If the reports are correct, this is an absolute steal for GM George McPhee and makes us wonder why it took so long for the deal to get hammered out.  This is a much-below market deal in terms of length and money, as Alzner could have commanded a three or four year deal on the open market making the total of his reported contact per year.

Per a team release, McPhee said, “We are pleased to have re-signed Karl Alzner to a two-year contract.  We feel he’s an important part of our defensive core who logs critical minutes against other teams’ top players.”  We'll get more reaction to the re-signing as McPhee and Alzner become available to the media.

More from the team's release:
Alzner, 22, recently completed his first full season in the NHL, playing in all 82 games with the Capitals and posting career highs in goals (two), assists (10), points (12), penalty minutes (24) and plus/minus (+14). His 132 blocked shots were third on the team while his 98 hits were tied for seventh. Alzner was one of just three NHL defenseman aged 22 and younger to play in all 82 regular-season games. In addition, he ranked sixth on the team in average time on ice per game (20:00). The Burnaby, British Columbia, native recorded an assist in nine playoff games and was tied for second on the team with 20 blocked shots.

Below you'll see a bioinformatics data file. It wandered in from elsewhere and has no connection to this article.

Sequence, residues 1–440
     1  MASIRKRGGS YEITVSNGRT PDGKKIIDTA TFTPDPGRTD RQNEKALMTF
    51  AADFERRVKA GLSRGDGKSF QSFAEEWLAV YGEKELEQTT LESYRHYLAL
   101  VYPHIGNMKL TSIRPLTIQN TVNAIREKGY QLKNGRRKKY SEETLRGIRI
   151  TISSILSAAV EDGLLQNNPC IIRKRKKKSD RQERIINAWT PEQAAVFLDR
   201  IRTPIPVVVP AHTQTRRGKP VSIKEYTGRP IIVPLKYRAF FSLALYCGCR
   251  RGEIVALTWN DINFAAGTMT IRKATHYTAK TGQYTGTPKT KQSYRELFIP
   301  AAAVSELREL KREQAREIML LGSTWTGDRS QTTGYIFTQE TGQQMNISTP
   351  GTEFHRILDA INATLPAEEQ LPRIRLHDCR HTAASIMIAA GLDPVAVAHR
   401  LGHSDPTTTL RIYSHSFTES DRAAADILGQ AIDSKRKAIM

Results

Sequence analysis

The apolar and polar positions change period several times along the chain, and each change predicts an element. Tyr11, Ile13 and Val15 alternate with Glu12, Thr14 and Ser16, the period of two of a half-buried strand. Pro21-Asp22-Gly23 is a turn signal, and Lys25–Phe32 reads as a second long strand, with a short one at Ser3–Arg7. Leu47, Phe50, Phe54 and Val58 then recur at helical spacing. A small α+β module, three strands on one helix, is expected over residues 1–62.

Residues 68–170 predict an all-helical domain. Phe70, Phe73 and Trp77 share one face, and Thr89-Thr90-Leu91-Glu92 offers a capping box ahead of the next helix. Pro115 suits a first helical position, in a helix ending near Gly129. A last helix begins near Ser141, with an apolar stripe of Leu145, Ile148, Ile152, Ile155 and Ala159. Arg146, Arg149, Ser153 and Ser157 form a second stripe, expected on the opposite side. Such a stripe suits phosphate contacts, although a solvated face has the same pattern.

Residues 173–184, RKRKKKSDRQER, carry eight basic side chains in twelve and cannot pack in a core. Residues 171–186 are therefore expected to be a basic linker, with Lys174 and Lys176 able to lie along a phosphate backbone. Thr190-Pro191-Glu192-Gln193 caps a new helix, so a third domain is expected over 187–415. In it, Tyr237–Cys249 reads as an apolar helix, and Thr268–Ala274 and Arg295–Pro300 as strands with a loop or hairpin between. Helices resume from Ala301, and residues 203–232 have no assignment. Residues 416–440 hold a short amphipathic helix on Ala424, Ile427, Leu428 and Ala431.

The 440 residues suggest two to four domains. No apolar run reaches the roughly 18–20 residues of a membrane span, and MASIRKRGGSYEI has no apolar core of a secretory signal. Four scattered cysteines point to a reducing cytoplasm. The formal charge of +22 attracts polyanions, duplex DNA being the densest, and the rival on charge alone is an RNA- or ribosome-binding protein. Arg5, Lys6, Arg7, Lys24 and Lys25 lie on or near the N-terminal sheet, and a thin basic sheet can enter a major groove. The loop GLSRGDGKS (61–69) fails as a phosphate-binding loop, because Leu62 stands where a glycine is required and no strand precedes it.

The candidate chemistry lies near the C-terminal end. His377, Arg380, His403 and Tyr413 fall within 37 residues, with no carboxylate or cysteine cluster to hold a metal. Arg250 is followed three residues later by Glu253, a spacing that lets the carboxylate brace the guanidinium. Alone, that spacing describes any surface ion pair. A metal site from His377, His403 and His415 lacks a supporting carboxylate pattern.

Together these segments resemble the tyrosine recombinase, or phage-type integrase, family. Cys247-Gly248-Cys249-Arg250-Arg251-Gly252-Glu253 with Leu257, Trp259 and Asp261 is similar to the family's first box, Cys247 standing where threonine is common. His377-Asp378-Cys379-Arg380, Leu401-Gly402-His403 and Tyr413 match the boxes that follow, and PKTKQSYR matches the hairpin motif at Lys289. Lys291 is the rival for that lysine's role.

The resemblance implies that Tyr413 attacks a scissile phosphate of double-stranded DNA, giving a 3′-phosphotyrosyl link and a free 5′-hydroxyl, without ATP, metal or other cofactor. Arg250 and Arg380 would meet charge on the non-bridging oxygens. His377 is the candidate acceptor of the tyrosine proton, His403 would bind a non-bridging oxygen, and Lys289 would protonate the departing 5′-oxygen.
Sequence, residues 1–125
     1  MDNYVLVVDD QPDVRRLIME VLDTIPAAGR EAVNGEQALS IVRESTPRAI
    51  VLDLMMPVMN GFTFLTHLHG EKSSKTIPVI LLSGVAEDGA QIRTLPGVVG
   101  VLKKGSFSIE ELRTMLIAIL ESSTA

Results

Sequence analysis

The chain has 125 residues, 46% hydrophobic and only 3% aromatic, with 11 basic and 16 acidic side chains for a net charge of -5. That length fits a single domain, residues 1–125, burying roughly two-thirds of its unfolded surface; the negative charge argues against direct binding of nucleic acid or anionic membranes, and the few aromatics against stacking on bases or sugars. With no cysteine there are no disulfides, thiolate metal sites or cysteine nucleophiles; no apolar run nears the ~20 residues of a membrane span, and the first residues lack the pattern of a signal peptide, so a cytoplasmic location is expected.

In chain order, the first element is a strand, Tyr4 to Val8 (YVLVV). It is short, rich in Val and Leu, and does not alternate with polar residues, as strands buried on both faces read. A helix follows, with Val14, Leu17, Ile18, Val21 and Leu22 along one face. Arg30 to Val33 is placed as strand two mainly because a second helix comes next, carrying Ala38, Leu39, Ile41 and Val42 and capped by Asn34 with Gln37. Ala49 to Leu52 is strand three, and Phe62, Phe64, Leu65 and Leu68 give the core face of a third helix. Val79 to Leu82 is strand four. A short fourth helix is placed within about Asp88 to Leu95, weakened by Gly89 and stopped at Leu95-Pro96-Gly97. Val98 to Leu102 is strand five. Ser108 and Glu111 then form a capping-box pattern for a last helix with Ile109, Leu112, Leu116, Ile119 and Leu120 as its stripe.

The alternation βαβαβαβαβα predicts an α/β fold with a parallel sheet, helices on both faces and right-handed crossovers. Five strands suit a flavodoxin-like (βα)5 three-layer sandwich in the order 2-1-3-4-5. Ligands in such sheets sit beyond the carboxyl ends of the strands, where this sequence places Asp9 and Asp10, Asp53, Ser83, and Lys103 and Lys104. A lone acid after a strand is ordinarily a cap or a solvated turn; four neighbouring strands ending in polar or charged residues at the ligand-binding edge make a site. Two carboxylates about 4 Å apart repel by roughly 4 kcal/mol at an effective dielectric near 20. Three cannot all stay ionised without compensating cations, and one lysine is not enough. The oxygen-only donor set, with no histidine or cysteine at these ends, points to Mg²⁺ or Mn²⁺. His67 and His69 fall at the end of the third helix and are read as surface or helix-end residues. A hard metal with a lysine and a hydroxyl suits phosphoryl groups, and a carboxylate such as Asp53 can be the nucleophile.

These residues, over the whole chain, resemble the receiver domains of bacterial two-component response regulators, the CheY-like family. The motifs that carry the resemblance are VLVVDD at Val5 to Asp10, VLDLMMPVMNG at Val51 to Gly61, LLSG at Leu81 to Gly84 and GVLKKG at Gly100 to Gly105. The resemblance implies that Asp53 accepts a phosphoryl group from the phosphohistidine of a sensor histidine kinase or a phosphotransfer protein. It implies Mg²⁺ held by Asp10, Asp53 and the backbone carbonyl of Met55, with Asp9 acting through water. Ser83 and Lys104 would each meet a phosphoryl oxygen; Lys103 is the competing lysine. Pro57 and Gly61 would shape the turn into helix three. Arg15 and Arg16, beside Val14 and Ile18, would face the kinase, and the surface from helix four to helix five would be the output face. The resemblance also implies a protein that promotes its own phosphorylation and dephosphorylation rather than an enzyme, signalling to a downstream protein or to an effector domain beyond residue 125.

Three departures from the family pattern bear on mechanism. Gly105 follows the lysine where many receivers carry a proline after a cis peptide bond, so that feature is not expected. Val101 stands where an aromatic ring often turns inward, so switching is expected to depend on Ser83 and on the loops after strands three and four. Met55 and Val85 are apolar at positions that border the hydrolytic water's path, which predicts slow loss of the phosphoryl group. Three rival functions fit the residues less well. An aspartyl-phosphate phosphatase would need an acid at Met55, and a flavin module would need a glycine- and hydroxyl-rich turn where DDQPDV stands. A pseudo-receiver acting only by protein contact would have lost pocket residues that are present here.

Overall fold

From 2008 through 2010, Alzner appeared in 103 AHL games with the Hershey Bears, collecting 41 points (seven goals, 34 assists) and a plus-57 rating while helping lead the team to the 2010 Calder Cup championship.

A two-time gold medalist at the IIHF World Junior Championship with Canada, Alzner captained the Canadian team in 2007-08 and was named one of the team’s top three players by the coaching staff. Alzner also represented Canada in the 2007 Canada/Russia Super Series and played for the WHL team in the 2006 Canada-Russia Challenge.

The 6’3”, 206-pound blueliner collected 117 points (19 goals, 98 assists) in 260 games with the Calgary Hitmen of the Western Hockey League (WHL) from 2004-2008 and was named the WHL Player of the Year and Defenseman of the Year in 2007-08.

Alzner was drafted by Washington in the first round (5th overall) of the 2007 NHL Entry Draft.

The first intrasquad scrimmage of the Washington Capitals development camp went pretty much as expected.  It was -- for the most part -- sloppy and disjointed, with most of the goals coming off scrums instead of being the result of skill.  But we saw an older prospect look like the more experienced hockey player that he is, we saw the offensive prodigy struggle to stay on his skates at times, and we saw a pair of Russians stand out, one for his play -- the other for some snarl.